Things I Know 217 of 365: Textbooks are killing me

A people’s literature is the great textbook for real knowledge of them. The writings of the day show the quality of the people as no historical reconstruction can.

– Edith Hamilton

It’s been a while since I’ve bought a textbook.

For the online master’s, the textbooks were part of my scholarship. They showed up at my door, pre-paid and ordered for me.

All publications of Person or one of its imprints, the texts amounted to free books to gather dust on my nightstand as they were remarkably outdated when compared to the research I could find and access online.

This semester has turned that model on its head.

In an attempt to savvy it up, I tried to find as many workarounds as possible.

I made my way to the COOP, Harvard’s central student bookstore (a B&N-owned property) to see how deeply into my pockets I’d be reaching to study this semester.

With only three of my courses confirmed, the tab came in over $200, and I noted the likely fourth class called for 6 more texts. Altogether, books were about $300. That was minus the recommended texts for my stats class in which the professor advised us he’d be supplying us with all the handouts we could need. Had I acquired the recommended, we’re looking at a total of approximately $400.

But the fun doesn’t stop there.

Three of the four courses (stats is the winner, again) also require course packs of journal articles and selected chapters for the semester. Those three totaled $200.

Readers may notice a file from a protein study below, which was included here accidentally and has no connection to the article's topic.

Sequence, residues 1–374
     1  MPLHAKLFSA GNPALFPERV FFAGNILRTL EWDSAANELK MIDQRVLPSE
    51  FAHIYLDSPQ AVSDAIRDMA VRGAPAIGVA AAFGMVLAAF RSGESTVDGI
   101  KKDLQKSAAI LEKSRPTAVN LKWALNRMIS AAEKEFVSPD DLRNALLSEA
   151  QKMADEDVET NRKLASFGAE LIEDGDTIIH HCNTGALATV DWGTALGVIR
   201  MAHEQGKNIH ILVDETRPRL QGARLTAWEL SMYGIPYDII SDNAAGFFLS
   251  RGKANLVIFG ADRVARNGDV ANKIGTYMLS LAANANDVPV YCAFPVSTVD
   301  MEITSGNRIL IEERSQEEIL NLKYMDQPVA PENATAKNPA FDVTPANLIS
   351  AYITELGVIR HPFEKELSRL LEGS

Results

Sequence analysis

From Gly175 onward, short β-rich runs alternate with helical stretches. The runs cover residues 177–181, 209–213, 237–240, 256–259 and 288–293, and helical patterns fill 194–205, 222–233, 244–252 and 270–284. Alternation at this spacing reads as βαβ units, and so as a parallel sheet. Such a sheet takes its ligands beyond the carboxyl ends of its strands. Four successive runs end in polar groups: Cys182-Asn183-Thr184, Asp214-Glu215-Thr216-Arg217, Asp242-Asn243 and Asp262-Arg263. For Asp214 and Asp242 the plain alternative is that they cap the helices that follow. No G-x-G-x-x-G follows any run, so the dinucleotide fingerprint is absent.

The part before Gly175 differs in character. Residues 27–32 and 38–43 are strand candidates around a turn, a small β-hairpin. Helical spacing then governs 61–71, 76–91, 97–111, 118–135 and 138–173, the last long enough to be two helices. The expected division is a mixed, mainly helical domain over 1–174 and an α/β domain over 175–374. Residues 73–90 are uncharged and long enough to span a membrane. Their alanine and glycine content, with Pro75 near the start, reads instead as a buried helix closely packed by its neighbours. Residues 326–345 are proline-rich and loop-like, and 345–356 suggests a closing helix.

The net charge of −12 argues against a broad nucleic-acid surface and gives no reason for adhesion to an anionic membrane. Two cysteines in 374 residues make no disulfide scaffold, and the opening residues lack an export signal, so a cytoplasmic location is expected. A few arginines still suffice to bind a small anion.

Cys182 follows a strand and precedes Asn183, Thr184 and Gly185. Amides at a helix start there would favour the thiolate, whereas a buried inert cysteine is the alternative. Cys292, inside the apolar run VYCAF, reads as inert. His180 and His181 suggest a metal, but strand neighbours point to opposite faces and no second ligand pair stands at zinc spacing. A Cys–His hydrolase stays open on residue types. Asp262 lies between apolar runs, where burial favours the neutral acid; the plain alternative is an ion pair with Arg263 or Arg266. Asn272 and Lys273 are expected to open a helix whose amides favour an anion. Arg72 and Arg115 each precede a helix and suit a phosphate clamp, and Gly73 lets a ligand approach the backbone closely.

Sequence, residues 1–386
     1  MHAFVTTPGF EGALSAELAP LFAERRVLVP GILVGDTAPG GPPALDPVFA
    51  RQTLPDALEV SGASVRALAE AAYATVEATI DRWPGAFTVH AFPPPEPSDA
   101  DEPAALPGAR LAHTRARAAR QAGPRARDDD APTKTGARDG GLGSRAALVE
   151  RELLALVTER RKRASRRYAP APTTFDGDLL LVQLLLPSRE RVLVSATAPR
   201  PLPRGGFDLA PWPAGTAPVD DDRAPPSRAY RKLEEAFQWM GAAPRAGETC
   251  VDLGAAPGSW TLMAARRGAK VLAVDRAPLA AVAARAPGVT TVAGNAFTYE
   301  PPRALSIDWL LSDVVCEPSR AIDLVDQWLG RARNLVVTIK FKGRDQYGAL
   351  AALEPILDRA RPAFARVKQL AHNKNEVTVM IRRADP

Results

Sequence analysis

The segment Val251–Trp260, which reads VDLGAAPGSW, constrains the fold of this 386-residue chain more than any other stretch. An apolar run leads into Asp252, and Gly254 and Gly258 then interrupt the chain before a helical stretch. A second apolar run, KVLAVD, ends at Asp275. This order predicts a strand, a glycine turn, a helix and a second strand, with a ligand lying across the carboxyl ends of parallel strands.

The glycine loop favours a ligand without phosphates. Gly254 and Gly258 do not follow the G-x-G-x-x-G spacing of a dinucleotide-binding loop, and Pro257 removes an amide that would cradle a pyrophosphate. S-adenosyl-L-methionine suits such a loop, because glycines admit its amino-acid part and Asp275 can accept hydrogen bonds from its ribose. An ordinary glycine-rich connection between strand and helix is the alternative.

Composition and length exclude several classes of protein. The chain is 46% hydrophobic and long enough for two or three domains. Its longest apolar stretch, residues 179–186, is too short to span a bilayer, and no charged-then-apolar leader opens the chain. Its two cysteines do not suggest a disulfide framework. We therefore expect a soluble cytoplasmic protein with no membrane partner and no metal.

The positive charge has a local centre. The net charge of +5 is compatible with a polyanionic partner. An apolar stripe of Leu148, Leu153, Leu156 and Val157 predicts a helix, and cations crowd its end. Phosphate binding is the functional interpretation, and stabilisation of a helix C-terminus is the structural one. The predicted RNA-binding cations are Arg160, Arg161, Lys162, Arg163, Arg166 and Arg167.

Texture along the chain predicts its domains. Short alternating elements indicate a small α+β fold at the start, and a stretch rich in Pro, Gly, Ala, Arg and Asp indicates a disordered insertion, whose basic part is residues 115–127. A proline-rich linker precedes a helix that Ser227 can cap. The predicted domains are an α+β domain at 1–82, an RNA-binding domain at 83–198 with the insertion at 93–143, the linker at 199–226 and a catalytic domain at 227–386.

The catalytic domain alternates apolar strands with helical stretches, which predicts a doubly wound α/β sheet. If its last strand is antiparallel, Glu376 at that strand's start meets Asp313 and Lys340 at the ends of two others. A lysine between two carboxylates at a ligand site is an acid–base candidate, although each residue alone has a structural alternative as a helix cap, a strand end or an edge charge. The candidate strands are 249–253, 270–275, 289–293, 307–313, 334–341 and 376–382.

If I’d purchased all the texts, my outlay for reading materials would have been around $600 for the semester.

I should stop here and note some things:

  1. I realize students in other disciplines are spending much more on many more texts.
  2. I appreciate and accept the need for reading materials for class. I’m not advocating a text-free approach to classes.
  3. I get that this is the way things are done, and thereby, part and parcel of higher education.

Since collecting all of these texts, I’ve been thinking of how we might shape a new model of for texts that might lower the materials cost of higher education and thereby make it more accessible who find it cost prohibitive.

Certainly, I realize tuition far out-paces course materials as an item on students’ higher ed budgets.

Still, every bit helps.

Some steps I took:

  • I downloaded Amazon’s student app and used it in the COOP to scan course texts for their Amazon.com partners. Where the Amazon texts were less expensive, I added them to my cart. (This was the case in all but two instances.)
  • When I got home, I compared the items in my Amazon cart with used versions available through amazon. Whenever possible, I chose the used version.
  • I took advantage of amazon’s offer of 6 months of free Amazon Prime membership for students. This secures free 2-day shipping and other as of yet unknown “deals.” (When selecting used texts, I only purchased those qualifying for Amazon Prime.)
  • When it was possible, I purchased the Kindle version of texts. I’ll be reading them on my iPad, but I’d take advantage of the new Kindle Cloud feature if I didn’t have a Kindle or iPad.
  • I opted against texts that were recommended but not required (with the exception of the APA style guide).

As a result, my possible costs of $600 ended up at around $450. That’s a chunk of rent or more than a month’s worth of groceries.

Still, though, the course packs linger as a confounding problem. The readings are required and weeding through each course’s syllabus to find out which texts are in the course pack/available online would be a tremendous time suck. This is not to mention the fact that packs are purchased in all-or-nothing style.